Mechanics

OVERHEATING. TRIED EVERYTHING

1990 Acura Integra

Engine Cooling problem
1990 Acura Integra 4 cyl Front Wheel Drive Manual 210000 miles

my car is overheating. It does this just sometimes. I tried replacing the thermostat. Even taking it out. The coolant level is right also and not leaking. Also found out that one of my fans had a short in the wire, fixed that and works fine now. And the fans were both on during overheating. The water pump is brand new, not leaking and I cant hear anything like a bad bearing in it and I just did a coolant flush not even 2 weeks ago. The wierd thing is it will get really hot then just all of a sudden start cooling down back to normal temperature. Then a few minutes later it climbs back up to the red. And when I open the hood to see if it is actually hot, I see water boiling out of the resivor. What else is there?
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Jsl129
June 12, 2010.



Hi jsl129. Welcome to the forum. This sounds like a leaking head gasket. To verify, find a mechanic with a " leak sniffer" which is a fancy name for a tool used to detect conbustion gases in the coolant. It is a glass tube filled with a special dark blue liquid. Air is drawn from the neck of the radiator while the problem is occurring. If combustion gases are present from a leaking head gasket, the liquid will turn bright yellow.

Caradiodoc

Caradiodoc
Jun 12, 2010.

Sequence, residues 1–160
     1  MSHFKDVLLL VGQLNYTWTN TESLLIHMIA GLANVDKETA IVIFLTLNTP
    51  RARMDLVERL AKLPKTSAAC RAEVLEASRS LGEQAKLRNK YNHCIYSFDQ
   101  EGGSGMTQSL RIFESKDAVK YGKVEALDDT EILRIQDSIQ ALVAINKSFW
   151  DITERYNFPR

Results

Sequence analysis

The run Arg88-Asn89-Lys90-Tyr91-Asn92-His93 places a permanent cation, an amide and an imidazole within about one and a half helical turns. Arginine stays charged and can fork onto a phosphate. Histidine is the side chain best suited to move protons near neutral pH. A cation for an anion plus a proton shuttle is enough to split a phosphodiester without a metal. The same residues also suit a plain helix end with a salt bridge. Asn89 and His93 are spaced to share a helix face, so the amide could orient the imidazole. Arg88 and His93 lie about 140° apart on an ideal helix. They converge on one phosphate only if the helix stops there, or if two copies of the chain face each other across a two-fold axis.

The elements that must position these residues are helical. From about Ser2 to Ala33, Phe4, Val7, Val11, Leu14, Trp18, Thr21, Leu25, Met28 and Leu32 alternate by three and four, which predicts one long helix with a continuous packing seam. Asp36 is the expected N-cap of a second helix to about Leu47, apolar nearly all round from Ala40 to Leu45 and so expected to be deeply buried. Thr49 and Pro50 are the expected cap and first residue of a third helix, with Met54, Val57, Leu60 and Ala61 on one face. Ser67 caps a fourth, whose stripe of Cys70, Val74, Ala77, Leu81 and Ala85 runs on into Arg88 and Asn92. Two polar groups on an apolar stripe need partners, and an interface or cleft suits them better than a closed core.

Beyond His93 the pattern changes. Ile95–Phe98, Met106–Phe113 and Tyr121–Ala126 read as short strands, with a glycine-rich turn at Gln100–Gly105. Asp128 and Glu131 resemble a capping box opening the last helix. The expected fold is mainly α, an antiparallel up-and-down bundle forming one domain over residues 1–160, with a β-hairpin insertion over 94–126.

There is a brand new head gasket on it. I recently put a new head gasket set on it and it is not burning anything. White or blue. I also had the head redone. I have been driving it all day today, and it started to get hot but didnt go to the red. Just about 3/4 of the way when I was driving. Then when I hit the gas or put it in a gear with higher rpms, it went back down. After that, about thirty total minutes of driving today, it didnt do it again. The timing belt is also tight because I had a valve adjustment a few days ago.

Tiny
Jsl129
Jun 12, 2010.
I had a similar situation with my '88 Grand Caravan a number of years ago. It was caused by the cooling fins on the radiator being corroded away. Running the front or rear heater always brought the temperature down very quickly.

Also check for anything that is obstructing air flow through the radiator such as a bug collection, and look for holes in the core support that allow air to bypass the radiator on the sides. Most cars also have a rubber seal under the front of the hood to force air to go through the radiator. Be sure that is in place if there is supposed to be one.

Another unusual problem is caused on some engines when the thermostat doesn't have a tiny bleed hole. The hot coolant reaches the temperature sensor for the dash gauge long before it reaches the thermostat. By the time the thermostat opens, the gauge has gone unusually high, then, when the coolant starts to circulate, the cold coolant comes in from the radiator and the gauge goes down and the thermostat closes. This cycle repeats a number of times until the system stabilizes. This also happened on my Caravan but not with a new thermostat. It started acting up many years after it was installed. Drilling a tiny hole in it solved the problem. That allows the hot coolant to get to the thermostat faster.

Caradiodoc

Caradiodoc
Jun 12, 2010.